High turnover rates often result from a combination of factors. Fixing the issue completely generally requires extensive audits to identify all the reasons why employees are heading for the door.
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But while you're doing all that investigating, you might also want to try one relatively easy way to increase employee happiness and loyalty: Offer remote work opportunities.
In explaining the report's findings, Owl Labs CEO Max Makeev references a remote work pilot program offered some years ago by the MIT Sloan Executive Education department. The department found that offering remote work opportunities had significant positive impact on employee engagement, morale, and trust.
"This is incredibly impactful, because employees who feel trusted work harder and are more engaged at work," Makeev says.
It makes sense that remote work would make employees feel more trusted. When you're working from home, no one is breathing over your shoulder. Managers aren't constantly hounding you to get your work done.
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"You instead need to set strong goals and objectives, have strong communication with your employee, and trust him or her to be a professional," Makeev says. "Don't you feel good when your boss trusts you?"
Nah, That Would Never Work at Our Company
One thing keeping many companies from implementing remote work programs is the worry that such programs simply won't fit the company's business model, or that certain tasks cannot possibly be carried out remotely. These beliefs, however, are often based on narrow thinking or misconceptions about what remote work actually entails.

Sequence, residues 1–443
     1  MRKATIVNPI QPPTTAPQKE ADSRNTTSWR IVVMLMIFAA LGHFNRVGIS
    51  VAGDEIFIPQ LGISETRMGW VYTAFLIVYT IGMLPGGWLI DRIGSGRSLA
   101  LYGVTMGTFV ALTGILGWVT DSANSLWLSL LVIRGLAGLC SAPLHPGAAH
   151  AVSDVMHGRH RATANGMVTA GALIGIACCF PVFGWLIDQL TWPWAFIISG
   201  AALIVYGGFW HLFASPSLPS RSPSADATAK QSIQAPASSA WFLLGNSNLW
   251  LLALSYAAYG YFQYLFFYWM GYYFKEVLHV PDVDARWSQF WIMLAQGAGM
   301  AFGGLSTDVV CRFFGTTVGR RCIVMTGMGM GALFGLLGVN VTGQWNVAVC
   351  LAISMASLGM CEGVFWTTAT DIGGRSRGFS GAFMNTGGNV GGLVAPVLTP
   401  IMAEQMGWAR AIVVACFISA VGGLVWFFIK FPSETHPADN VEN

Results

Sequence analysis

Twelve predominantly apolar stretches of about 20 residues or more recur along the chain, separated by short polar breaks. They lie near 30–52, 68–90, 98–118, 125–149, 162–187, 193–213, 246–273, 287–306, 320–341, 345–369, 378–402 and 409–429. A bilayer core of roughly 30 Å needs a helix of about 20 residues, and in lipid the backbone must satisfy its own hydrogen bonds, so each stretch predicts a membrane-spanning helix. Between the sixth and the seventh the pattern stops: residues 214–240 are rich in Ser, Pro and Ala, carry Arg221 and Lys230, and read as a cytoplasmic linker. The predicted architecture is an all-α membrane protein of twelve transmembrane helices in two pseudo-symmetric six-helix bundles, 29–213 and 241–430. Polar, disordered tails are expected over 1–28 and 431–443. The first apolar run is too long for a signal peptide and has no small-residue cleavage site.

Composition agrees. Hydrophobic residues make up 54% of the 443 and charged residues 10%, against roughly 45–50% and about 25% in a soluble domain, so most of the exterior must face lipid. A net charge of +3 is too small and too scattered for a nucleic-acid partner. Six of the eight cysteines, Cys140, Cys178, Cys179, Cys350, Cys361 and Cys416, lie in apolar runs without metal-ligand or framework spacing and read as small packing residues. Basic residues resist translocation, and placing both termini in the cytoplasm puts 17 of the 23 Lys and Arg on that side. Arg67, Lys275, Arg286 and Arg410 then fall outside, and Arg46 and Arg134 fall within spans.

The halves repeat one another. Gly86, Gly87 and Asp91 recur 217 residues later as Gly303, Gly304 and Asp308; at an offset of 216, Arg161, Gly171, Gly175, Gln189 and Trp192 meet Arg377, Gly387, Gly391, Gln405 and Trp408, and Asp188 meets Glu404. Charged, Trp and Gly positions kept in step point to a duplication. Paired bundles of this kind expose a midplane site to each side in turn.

According to the report, 57 percent of employees who don't work remotely say their job doesn't allow for it. According to Makeev, this line of thinking is especially common among HR professionals, who feel they need to be there in person in order to support team members.
"Is that fair?" Makeev asks. "HR is just as important of a function as marketing or sales, for example. Managers need to think about how to make small adaptations to job functions so at least some flexible work is possible. If remote and flexible work is not a universal opportunity across the organization, that's going to make some employees appear to have more privilege than others, and that's not right."
Understanding the challenges that may arise for managers and employees will be key to implementing a successful remote work program.
"Managers have a learning curve to understand how they need to adapt their leadership techniques to more naturally fit a remote work style," Makeev says. "For example, we found that remote employees have fewer career conversations than their in-office counterparts. This indicates another unconscious bias. Managers also may use visual cues to trigger career conversations, or to decide when someone may be up for a new challenge. The better approach is to evaluate each team member's impact equally regardless of their location."
One of the most common misconceptions about remote work is that remote employees are unable to communicate efficiently or collaborate with teammates. The right technology and processes can assuage these fears. For example, video chat technology can make meetings with remote employees feel as personal and collaborative as traditional, in-office meetings.
Everybody Else Is Doing It
Your employees want to work at home at least part of the time because they know plenty of other people who are doing it. Fifty-two percent of workers surveyed in the report said they work from home at least one day a week. If you don't give your employees the option, odds are they will find more flexible opportunities elsewhere.
It's time to give up the stigmas attached to flexible work. Most positions in most companies can work flexibly to some degree. Trust your employees, and they'll be inclined to pay you back with more loyalty, higher productivity, and better performance.